Music

5 New Songs You Need to Hear: Maren Morris, Kyle Nix + More

Amber Watson

Each week the Wide Open Country staff rounds up our favorite newly released country and Americana songs. Here are five new songs we can't stop listening to this week:

"Just For Now," Maren Morris

Maren Morris explores the beauty of uncertainty in a relationship on "Just For Now," a swooning, sultry ballad written and recorded during the sessions for her 2016 debut album Hero. Morris wrote the song with Ryan Hurd and late producer and singer-songwriter busbee, who frequently collaborated with Morris, Carly Pearce, Keith Urban and more.

-- Bobbie Jean Sawyer

"Sweet Delta Rose," Kyle Nix

Fans of the Turnpike Troubadours are already familiar with the soaring fiddle that open's Kyle Nix's "Sweet Delta Rose." Nix, a singer-songwriter and the longtime fiddler for the Troubadours, will release his solo album Lightning on the Mountain & Other Short Stories on June 26. (Wide Open Country premiered album track "Blue Eyes" last month.) The latest release, "Sweet Delta Rose," is a dreamy country love song inspired by the singer's own early courtship long-distance relationship with his now-wife. It's proof that true love is worth the wait.

-- Bobbie Jean Sawyer

"Mind on Fishin'," Trace Adkins

If you grew up in church, you might remember your pastor blowing a gasket over others in the congregation "worshipping the Lord on the lake." As Trace Adkins lays out in new song "Mind on Fishin'," that means going fishing on Sunday morning during worship hours. In his own light-hearted way, Adkins questions if going to church really helps all that much if your mind's off the sermon and on your next catch. Longtime country fans will recognize the backslidden fisherman in the video as T. Graham Brown.

--Bobby Moore

"The Man Who Loves You the Most," The Zac Brown Band

Zac Brown will be the first to tell you that not all of his music in recent memory should be called country. His band's sound is all over the map by design. Yet when classic country whistles for Brown, he sprints back home to whip up a dang good song. The latest view from his old front porch, "The Man Who Loves You the Most," addresses the innocent children caught in the middle of divorces and the ways men can make that rough transition easier for everyone involved.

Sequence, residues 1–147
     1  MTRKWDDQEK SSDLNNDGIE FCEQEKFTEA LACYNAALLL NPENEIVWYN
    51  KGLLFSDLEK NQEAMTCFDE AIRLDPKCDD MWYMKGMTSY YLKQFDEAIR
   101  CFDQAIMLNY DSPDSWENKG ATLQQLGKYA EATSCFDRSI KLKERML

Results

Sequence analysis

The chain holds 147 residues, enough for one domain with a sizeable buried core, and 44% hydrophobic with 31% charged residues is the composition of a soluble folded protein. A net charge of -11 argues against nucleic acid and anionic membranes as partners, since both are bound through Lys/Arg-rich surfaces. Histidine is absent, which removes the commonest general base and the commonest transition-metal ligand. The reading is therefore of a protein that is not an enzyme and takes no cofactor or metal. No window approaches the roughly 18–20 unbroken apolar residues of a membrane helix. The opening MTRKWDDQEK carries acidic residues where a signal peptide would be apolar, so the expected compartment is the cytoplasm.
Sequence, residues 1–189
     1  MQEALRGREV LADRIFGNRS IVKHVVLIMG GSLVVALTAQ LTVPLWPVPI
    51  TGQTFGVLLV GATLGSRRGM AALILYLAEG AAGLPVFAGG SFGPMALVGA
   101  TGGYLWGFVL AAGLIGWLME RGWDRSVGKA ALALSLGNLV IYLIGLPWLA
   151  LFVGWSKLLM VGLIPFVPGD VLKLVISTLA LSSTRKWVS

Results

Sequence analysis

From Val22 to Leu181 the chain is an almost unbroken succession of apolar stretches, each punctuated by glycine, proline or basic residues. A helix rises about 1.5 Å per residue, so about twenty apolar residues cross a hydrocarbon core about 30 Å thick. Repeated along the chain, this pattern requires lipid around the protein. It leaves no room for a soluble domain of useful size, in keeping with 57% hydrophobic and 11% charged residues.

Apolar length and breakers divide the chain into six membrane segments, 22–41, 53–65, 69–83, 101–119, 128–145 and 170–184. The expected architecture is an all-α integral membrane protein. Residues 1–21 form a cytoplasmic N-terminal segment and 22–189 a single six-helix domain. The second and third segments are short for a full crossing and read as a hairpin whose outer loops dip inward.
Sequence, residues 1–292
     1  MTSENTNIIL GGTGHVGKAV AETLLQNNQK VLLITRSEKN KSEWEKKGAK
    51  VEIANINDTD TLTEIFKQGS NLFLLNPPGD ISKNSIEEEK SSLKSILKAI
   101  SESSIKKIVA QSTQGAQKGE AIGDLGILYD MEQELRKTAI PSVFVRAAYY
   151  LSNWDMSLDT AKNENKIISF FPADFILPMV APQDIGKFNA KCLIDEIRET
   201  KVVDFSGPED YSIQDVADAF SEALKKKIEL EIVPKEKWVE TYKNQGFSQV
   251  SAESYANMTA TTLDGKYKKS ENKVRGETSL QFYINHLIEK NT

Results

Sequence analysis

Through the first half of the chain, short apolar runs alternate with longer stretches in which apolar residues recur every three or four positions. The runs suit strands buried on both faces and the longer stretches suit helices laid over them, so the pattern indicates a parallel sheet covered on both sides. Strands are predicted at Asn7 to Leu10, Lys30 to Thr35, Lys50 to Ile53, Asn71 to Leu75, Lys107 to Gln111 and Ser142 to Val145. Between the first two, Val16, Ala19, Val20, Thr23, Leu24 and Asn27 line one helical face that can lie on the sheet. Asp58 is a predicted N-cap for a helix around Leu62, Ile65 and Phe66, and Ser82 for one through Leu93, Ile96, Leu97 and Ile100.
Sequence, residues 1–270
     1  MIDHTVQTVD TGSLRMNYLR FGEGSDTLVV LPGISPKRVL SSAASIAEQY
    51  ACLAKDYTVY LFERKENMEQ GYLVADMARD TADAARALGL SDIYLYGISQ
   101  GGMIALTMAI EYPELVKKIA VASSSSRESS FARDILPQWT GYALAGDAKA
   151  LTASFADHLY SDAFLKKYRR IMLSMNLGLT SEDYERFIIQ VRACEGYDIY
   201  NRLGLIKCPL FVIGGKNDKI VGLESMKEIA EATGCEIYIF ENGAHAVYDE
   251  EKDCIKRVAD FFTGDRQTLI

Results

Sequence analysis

--Bobby Moore

"On the Other Steel," Adam "Ditch" Kurtz

Nashville pedal steel player Adam "Ditch" Kurtz, an accompanist in the studio and on the road for American Aquarium, Joshua Ray Walker, Sara Shook & The Disarmers and others, cut an instrumental tribute to Randy Travis' Storms of Life album.

"I wanted to create a modern version of an Eighties country classic featuring the most iconic of country music instruments: the steel guitar, which is sadly absent in today's 'country,'" Kurtz says in a press release. "That, and I wanted to shred."

Storms of Steel, which begins with this rendition of "On the Other Hand," reminds country fans of a time when Travis made old school cool and the late Jimmie Crawford and his fellow pedal steel wizards recorded instrumental albums.

--Bobby Moore

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5 New Songs You Need to Hear: Maren Morris, Kyle Nix + More